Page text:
Top Weirdest European Foods You Should Try
Here is of the most bizarre foods in the European countries:
If you thought some of the above dishes were a bit nasty, wait until you hear about this one.
Milt is the semen of a male fish. Yep, we’re talking fried sperm.
Milt looks a lot like brains and has the same “creamy” texture. It is very common in the Japanese cuisine, which shouldn’t surprise us because Asians have always been more adventurous when it comes to food, but it’s not something you expect your old Eastern European grandmother to cook for you.
If you think you can stomach this, deep-fried is the way to go. You get to enjoy the nice crunchy breading and the inside doesn’t look as weird, either. It can also be steamed, but only if you can get past that weird texture.
Sweet Poppy Seed Pasta
|Photo: Cook Together|
Pasta is one of those dishes that are always savory and almost never associated with dessert. However, in Eastern Europe there are several recipes that have turned pasta into a sweet dish. This Hungarian recipe is very simple: pasta, butter, lots of poppy seeds and sugar. But hey, if you fail that drug test, don’t blame it on the poppy seeds.
If you don’t like poppy seeds, Hungarians have a similar recipe that uses ground walnuts instead of poppy seeds. Supposedly, it tastes even better if you add some homemade apricot jam to it.
Jewish cuisine has its own sweet pasta recipe, Sweet Kugel, that consists of noodles, eggs, cheese (usually cottage cheese and farmer’s cheese), sugar and raisins. The whole mix is baked into a delicious casserole. A similar recipe can be found in the Romanian cuisine.
While the concept of blood soup isn’t unique to Germany, Schwarzsauer, with its savory flavor, is. Made with lots of pig’s blood (or black pudding), goose giblets, and vinegar, as well as cinnamon, cloves, peppercorns, and other spices, this specialty from northern Germany is the stuff of vegan nightmares—although vampires, if they existed, would go gaga over it. The good news is that one hearty bowl of Schwarzsauer will take care of your protein needs for the rest of the day. The bad news is that the strong flavor (and aroma) isn’t something that appeals to everybody.
|Photo: Tangled Noodles|
Is the Jewish name for the unhatched eggs found inside just-slaughtered chickens. Although it is one of those foods nobody talks about anymore, it was once something common in the households of Romanian country people.
Children would gather in the kitchen around the table, while their mother removes the insides of the bird and looks for “hidden treasures” or chicken caviar, as some might call them. They have a beautiful orange color and the average size is that of a cherry tomato. They can be fried or added to soups and have a slightly stronger flavor than any other cooked egg yolks and a very silky texture. Don’t knock it until you’ve tried it!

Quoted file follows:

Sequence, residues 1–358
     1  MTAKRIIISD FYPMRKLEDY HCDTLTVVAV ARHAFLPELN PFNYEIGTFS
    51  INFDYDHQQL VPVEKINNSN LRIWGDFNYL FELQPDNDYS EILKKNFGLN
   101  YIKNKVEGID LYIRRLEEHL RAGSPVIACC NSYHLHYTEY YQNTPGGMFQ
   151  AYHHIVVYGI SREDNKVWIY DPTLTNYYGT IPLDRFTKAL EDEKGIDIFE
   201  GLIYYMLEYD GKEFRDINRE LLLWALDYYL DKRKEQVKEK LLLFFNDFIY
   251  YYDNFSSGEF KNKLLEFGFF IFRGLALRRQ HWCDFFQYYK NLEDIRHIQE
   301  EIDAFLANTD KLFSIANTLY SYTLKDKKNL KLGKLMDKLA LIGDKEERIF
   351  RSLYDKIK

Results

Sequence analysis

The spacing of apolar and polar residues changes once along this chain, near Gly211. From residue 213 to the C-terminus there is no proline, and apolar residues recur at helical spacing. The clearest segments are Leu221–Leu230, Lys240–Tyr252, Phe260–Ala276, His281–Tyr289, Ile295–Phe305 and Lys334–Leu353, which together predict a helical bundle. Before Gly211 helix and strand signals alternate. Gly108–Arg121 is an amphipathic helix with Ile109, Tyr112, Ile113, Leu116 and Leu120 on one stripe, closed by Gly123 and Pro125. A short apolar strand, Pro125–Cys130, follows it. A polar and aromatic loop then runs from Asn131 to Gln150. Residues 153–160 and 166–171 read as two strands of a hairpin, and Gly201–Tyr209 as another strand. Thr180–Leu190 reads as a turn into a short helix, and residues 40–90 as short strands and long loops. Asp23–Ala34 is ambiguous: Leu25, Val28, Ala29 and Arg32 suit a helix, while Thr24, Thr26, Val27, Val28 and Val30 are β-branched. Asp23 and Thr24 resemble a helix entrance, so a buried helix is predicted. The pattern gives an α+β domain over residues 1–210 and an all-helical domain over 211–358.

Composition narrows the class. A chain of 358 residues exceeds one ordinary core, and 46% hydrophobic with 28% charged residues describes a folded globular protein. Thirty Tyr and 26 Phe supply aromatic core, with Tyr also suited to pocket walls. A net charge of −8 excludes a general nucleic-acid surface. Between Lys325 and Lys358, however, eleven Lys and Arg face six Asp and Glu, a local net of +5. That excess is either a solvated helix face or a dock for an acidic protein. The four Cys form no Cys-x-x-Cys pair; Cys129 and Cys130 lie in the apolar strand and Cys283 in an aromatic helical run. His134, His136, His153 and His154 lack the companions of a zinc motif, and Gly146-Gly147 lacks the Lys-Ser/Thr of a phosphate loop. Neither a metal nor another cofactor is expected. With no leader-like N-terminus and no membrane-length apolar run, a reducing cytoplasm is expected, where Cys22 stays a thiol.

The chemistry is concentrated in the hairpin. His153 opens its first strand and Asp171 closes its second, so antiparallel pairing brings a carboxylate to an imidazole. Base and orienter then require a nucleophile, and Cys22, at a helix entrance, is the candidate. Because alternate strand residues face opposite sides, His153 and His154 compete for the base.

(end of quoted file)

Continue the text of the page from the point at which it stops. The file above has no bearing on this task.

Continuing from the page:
Caraway Seed Soup
Commonly found in Slovak and Hungarian cuisines, this is a dish that requires very few ingredients: water or chicken broth, caraway seeds and flour. Hungarians also add their signature spice, paprika. It is the perfect example of a meal born out of necessity, when there was nothing else to put on the table. You can probably make this soup for less than $1 if you use water instead of chicken broth. It can be served with croutons or dumplings.
For those not familiar with caraway (also known as meridian fennel), it is that pungent spice found in rye bread. It is strong tasting, so a soup that has caraway as a base ingredient is quite a challenge for most people.
Caraway is also known to have digestive properties, so a bowl of this soup might help an upset stomach.
|Photo: Serious Eats|
Any list about unusual European foods should include that old Scottish standby, haggis. Scotland’s national dish is made of meaty pudding filled with sheep liver, heart, lungs and other organs mixed with oats and beef, and then spiced up with cayenne pepper, onions, and salt before being stuffed into a sheep’s stomach and boiled.
Haggis doesn’t deserve the odd reception it often receives internationally, or by first-time visitors to Scotland. Sure, it doesn’t look like an ornate rose sitting there on your plate next to some mashed up turnip and potatoes, but it’s incredibly stout fare for stout people living in a rugged country.
These days, synthetic casings often replace the sheep’s stomach, and vegetarian haggis and gluten-free haggis options have hit the market as well—although traditional haggis recipes still abound.
Fermented hákarl shark meat isn’t for everyone, although this traditional method for preparing Greenland shark has plenty of diehard fans. Once the shark has been caught and dispatched, the carcass is buried under gravel and stones for a few months. It’s then uncovered and hung to dry for a couple more months. The end result is a pungent fermented meat (Iceland’s national dish, in fact). If you can get past the powerful aroma, you might actually enjoy it…or maybe not. That all depends on the fortitude and willingness of your stomach.
Canned Bear and Reindeer
|In Finland, you can eat processed reindeer or bear coming straight out of a can, which isn’t all that dissimilar from snacking on canned tuna. With plenty of game in the cold reaches of Finland, it stands that there’ll be a fair amount of game meat to go around. And if it can’t all be grilled or roasted, why not can some of it? When you want your meat from a tin, and you’ve had your fill of tuna or spam, bear or reindeer (not the magical, flying kind, hopefully) can work as a spread for your bread, or a protein source to plop into a thick stew.|
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